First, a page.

Yilmaz (2016) briefly explains - along with a nice accompanied image/diagram - the main categories of seismic inversion. He claims there are four: travel-time, waveform, hybrid, and join inversion. Now, I have heard the phrase "amplitude inversion," too.

I am now left wondering what exactly is or what constitutes amplitude inversion...? Also, is impedance inversion a type of waveform inversion? Finally, is amplitude inversion also a type of waveform inversion. Obviously, I'm putting a lot in here, so I would greatly appreciate if someone could resolve my confusion.


Öz Yilmaz (2016). ”Image-based near-surface modeling for statics corrections.” The Leading Edge 35 (11), 961–967. https://doi.org/10.1190/tle35110961.1


1 Answer 1


Here is the figure in question:

enter image description here

"Traveltime inversion" is a very broad category that includes any inverse problem where the input data is a time-delay from a seismic source impulse to when it is received at a seismometer. This includes refraction tomography, reflection tomography, and most implementations of full-waveform inversion (i.e. using diving waves). The output (i.e. what you are solving for) here is a velocity model that best explains all time-delay data simultaneously given the known physics of wave propagation.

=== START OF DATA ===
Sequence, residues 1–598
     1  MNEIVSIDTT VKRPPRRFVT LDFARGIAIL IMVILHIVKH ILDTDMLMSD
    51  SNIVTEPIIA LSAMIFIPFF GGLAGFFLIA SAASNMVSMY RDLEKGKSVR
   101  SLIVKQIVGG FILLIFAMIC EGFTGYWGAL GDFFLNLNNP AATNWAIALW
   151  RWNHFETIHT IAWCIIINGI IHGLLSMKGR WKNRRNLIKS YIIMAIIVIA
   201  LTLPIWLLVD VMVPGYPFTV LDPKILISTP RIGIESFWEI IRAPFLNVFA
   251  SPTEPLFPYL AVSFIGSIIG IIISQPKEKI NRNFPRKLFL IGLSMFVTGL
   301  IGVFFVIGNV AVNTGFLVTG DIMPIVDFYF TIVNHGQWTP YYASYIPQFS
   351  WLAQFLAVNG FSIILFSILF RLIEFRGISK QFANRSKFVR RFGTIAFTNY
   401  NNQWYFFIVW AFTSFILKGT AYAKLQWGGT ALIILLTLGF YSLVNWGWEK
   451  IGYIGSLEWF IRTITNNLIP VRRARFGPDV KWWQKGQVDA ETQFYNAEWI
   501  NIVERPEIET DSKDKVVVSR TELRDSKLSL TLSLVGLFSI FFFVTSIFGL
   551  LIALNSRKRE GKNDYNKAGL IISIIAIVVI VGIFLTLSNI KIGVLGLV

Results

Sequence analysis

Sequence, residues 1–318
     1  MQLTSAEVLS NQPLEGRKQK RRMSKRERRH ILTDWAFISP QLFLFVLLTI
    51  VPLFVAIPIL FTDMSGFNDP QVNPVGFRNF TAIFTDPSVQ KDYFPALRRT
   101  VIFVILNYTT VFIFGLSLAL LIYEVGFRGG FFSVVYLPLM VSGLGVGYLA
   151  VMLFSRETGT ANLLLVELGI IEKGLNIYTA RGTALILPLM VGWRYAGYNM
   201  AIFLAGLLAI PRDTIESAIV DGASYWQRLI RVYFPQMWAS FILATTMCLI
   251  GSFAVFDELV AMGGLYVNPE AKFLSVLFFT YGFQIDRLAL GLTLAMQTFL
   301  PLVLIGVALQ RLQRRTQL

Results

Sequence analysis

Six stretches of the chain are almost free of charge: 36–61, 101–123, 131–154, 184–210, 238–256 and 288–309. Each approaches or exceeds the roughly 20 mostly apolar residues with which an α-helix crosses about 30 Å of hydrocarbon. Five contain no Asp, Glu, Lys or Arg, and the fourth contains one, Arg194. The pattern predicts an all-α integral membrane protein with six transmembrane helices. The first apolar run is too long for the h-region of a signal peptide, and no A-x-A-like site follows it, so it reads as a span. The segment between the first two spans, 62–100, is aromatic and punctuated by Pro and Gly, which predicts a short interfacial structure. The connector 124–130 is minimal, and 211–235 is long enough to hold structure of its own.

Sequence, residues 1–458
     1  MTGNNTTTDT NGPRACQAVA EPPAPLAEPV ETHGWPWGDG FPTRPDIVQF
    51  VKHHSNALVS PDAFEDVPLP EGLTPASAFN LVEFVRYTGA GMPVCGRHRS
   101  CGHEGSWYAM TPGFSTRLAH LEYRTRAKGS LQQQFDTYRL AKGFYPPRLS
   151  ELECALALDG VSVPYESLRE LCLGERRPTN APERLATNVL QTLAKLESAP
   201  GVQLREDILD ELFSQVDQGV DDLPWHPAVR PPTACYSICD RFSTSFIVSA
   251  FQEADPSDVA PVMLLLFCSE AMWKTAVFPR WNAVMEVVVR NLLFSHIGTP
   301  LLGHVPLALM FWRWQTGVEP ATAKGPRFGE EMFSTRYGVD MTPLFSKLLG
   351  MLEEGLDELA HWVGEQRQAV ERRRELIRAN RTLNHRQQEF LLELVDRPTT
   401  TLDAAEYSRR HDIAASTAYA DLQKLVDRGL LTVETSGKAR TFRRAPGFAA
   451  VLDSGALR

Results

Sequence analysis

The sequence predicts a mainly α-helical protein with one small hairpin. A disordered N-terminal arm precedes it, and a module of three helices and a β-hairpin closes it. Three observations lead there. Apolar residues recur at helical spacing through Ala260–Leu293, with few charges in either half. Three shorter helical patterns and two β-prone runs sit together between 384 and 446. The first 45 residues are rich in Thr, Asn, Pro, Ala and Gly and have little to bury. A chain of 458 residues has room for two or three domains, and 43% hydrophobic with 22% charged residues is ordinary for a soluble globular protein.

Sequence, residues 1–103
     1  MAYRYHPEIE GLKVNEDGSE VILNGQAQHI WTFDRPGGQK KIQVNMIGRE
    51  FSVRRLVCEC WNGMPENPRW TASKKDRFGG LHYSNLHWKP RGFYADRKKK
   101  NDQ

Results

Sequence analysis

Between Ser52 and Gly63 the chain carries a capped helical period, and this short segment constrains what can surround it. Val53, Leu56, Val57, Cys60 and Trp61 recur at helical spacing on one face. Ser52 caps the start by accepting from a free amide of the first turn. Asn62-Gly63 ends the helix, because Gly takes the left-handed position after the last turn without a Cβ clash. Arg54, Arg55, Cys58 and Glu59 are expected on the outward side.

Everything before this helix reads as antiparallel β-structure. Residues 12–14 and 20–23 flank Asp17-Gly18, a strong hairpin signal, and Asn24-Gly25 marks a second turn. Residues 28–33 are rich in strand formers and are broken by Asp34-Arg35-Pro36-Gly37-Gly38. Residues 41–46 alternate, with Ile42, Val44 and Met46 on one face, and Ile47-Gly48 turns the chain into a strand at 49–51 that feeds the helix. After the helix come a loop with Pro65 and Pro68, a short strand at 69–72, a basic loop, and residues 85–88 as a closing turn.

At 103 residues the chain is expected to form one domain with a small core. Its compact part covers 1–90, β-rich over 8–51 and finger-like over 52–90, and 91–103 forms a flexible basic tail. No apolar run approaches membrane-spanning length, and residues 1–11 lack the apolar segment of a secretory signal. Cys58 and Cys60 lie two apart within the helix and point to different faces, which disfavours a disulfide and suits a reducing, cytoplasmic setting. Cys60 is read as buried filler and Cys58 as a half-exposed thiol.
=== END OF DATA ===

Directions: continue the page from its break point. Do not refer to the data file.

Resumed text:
"Waveform inversion" is the category that includes all post-migration reflection seismic inverse problems where the input is a single trace or an offset gather (constant X,Y for all input reflections). The output in these are the vertically-varying elastic properties (acoustic impedance, vp/vs, density, etc) that best explain the observed seismic trace/gather (i.e. waveform) given the physics of seismic reflection. This is commonly called "amplitude inversion" because amplitude is one of the main inputs here (although phase and frequency are involved as well).

"Hybrid inversion" is what Yilmaz is calling the recent methods that try to use both the seismic time-delays and ampltidues/waveforms to solve for the best elastic property model that simultaneously explain both types of observations. He cites some recent examples in that paper. The first one I saw on this was Misra and Sacchi (2008). The problem with this stuff is that things become highly nonlinear and therefore require global optimization techniques which are way slower.

"Joint inversion" is just combining different types of geophysical data. For example, let's say you are trying to map the 3D structure of a salt dome. You can use 3D seismic reflection data to map the top of a salt dome easily, but the base is usually really tough due to imaging problems below the salt. Gravity data only gives you the cumulative response of the entire 3D structure below so many salt dome shapes could give you the same gravity response. However, you can use the seismic data to map the top of the salt, then the gravity data to constrain the base, then use that model to re-migrate the seismic data and you should have a good top and base of salt. Similarly, you could pose the problem as a joint-inverse problem where you are looking for the best 3D structural model that simultaneously properly migrates the seismic data and also explains the gravity response.

Hope this helps!


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